Telling others the gospel isn’t easy. I know — as a young man, I was convinced I didn’t have the gift of evangelism. It was obvious. No matter how hard I tried, no one was coming to faith in Jesus Christ. Nothing I did seemed to make a difference. I was inspired by the things I read and heard about Billy Graham’s ministry, but I knew I didn’t have his gifts.
I remember giving God a deadline: If I don’t see any converts by the end of the year, I’m quitting. Oh, I would still be an active Christian, but I planned to resign myself to simply teaching other believers.
The end of the year came and went. No converts. My mind was made up: Now I was sure I didn’t have the gift of evangelism.
On Saturday about four days into the New Year, the small church I attended in Argentina held a home Bible study. I didn’t feel like going, but went anyway out of loyalty to the elders.
The fellow who was supposed to give the Bible study never showed up. So the man of the house said, Luis, you are going to have to say something. I was completely unprepared. I had been reading a book by Billy Graham, however, based on the beatitudes. So I read Matthew 5:1-12 and simply repeated whatever I remembered from Dr. Graham’s book.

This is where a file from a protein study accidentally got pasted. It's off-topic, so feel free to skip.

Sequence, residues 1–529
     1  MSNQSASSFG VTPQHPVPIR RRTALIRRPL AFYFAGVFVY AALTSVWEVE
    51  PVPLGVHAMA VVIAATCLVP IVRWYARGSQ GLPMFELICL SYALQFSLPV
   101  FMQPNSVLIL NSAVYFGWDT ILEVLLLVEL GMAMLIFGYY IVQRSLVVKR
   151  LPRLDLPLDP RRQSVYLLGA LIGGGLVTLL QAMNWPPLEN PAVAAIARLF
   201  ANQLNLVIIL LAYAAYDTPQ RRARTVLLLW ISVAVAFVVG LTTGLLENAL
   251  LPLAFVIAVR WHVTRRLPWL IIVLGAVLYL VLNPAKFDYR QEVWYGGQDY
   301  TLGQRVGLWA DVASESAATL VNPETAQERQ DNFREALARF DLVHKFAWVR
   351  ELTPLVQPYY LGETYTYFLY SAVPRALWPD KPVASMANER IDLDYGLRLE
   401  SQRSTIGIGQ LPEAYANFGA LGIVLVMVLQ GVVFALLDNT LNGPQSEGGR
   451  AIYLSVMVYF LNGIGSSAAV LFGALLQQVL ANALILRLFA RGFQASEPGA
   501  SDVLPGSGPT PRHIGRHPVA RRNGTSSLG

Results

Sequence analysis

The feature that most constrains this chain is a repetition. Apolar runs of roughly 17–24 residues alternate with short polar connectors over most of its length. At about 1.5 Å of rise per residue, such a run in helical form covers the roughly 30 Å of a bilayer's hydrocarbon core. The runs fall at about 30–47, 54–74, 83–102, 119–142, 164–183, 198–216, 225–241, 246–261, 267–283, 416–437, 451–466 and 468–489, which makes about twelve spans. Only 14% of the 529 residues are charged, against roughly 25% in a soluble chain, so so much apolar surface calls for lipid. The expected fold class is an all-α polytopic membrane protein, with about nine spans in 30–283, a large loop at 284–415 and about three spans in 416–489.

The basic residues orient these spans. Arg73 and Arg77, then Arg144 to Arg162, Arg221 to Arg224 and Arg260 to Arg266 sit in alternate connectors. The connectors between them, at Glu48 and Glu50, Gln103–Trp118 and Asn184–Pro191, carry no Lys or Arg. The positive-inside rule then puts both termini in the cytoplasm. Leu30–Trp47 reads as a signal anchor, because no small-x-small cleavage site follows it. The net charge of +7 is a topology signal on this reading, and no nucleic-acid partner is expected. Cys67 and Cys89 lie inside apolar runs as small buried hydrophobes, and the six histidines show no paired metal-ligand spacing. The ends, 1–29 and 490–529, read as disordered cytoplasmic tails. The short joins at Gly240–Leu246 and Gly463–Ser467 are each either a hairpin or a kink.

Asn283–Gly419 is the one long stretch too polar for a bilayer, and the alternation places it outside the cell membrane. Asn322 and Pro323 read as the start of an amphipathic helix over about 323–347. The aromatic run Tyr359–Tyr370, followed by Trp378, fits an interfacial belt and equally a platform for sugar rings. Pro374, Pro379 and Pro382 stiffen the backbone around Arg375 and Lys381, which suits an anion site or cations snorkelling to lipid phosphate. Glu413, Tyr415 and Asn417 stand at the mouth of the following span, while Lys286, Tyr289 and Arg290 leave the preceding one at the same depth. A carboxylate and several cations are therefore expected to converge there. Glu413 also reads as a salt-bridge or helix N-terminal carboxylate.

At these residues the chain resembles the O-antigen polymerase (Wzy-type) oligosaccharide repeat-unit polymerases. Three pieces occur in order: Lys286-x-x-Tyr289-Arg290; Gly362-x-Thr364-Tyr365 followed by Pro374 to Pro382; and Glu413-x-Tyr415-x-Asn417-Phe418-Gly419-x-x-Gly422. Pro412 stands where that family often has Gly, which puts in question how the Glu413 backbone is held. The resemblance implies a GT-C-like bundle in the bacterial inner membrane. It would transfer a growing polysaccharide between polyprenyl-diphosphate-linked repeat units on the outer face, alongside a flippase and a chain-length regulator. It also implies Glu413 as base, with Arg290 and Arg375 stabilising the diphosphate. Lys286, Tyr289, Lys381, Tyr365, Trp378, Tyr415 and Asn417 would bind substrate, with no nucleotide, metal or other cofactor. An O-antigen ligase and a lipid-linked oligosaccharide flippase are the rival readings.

As I was commenting on the beatitude, Blessed are the pure in heart, for they shall see God, a lady suddenly stood up. She began to cry: My heart is not pure. How can I see God? Somebody tell me how I can get a pure heart.
I don’t remember the woman’s name, but I will never forget her words: Somebody tell me how I can get a pure heart. Together we read in the Bible, The blood of Jesus, his Son, purifies us from every sin (1 John 1:7). Before the evening was over, that woman found peace with God and went home with a pure heart overflowing with joy. How delightful it was to lead her to Jesus Christ!
When you win someone to Christ, it’s the greatest joy. Your graduation is exciting, your wedding day is exciting, your first baby is exciting. But the most thrilling thing you can ever do is to win someone to Christ.
Yet today, in an effort to be sophisticated and contemporary, many Christians have stopped trying to persuade others to follow Christ. There’s an underlying feeling in our society that nice people just don’t go around persuading other people to do things. We don’t want to offend people, appear strange, or lose our newfound status. So we do nothing.